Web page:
The use of a library card...

Internet cafes in many parts of China normally ask customers for an ID of some kind (this seems to be controlled by provincial laws, and the strictness of the law's enforcement at a particular place). I have never figured out which places would require one and which would not (although places in bigger cities seemed to be stricter in this respect). I assume that most customers would present standard national ID card, and from a foreigner, a passport and visa would be expected. In practice, though, a foreign provincial ID card would usually do. I used to carry a very nice library card from an Italian library, complete with my photo, and it was accepted as an ID as well. (A pity it was lost a while back by Air China, along with all my luggage!).

This time, in Qufu, Shandong Province, the fellow on duty decided that neither a foreign ID card, nor a passport with a current Chinese visa would do. After rummaging in my wallet, I decided to make yet another try with yet another document: a reader's card from the National Library in Beijing. (Not that I ever *read* anything there, but you needed to get a card to get on premises, and getting it was free...). No name or photo on the card, but it was officially looking enough... and bingo, it was accepted!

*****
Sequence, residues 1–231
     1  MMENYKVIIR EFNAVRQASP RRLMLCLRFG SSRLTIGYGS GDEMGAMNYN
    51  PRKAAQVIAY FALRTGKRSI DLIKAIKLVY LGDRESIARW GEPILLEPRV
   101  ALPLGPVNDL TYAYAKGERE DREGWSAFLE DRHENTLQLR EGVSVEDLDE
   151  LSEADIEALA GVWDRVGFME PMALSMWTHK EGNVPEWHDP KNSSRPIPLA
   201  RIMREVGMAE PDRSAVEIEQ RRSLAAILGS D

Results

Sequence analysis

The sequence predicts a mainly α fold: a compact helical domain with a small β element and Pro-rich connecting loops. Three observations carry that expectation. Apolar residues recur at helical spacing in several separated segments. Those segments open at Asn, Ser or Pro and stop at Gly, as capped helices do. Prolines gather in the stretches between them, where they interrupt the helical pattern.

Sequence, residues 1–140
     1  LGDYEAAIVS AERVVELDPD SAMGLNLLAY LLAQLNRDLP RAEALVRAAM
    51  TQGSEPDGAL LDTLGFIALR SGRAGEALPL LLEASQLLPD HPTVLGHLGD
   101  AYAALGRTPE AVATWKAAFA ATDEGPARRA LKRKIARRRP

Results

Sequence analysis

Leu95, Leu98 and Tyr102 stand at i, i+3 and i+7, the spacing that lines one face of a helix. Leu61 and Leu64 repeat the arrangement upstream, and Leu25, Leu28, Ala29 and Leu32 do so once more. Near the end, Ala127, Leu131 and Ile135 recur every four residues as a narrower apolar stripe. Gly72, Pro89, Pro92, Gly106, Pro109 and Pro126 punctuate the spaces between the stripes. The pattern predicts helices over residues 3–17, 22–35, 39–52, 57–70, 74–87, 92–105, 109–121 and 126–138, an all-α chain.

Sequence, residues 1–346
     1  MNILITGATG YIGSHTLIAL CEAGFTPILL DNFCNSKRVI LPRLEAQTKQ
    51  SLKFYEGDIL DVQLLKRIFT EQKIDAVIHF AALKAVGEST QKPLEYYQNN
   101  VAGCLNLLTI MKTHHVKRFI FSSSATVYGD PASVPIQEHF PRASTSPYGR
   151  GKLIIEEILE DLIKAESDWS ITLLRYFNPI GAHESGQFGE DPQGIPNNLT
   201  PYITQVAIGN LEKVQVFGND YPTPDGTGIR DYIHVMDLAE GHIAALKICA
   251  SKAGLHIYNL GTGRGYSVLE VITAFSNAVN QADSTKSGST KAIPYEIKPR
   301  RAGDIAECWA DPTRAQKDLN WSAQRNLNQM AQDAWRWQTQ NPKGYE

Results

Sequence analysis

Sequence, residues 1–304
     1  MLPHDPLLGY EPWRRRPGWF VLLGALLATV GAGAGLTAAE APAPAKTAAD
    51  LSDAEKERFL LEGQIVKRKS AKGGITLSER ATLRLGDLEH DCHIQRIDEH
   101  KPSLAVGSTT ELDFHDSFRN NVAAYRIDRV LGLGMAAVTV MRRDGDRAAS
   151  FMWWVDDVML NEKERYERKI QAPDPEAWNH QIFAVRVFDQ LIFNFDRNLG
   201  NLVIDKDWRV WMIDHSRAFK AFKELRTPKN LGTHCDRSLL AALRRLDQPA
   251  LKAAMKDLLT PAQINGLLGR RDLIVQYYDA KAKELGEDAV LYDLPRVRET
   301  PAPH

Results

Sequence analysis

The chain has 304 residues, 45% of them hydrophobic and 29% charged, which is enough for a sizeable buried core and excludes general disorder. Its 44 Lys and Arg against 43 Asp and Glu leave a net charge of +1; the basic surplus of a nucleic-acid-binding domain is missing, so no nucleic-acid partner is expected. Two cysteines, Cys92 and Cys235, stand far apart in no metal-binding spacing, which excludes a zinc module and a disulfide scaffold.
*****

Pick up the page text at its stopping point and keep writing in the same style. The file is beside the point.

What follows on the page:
P.S. As I've looked at more of such places (in Jiangsu mostly), it seemed that the usual mode of operation for them was to swipe a PRC national ID card, which, I assume, all resident citizens are supposed to possess. This way, at least potentially, who uses what becomes automatically loggable (since the login ID given out by the internet cafe may be linked to one's card number). I am not sure what exactly happened when a particular place accepted my passport, a foreign ID card, or even a library card (well, just that once) as an ID; it appeared that in some cases they simply ended up swiping someone else's national ID card on my behalf.

(Poster above: "Present an ID and register with your real name! Civilized behavior on the Internet, and healthy leisure!". Seen in Gansu, 2009).


Wuhan Metro

Wuhan Metro Line 4 under construction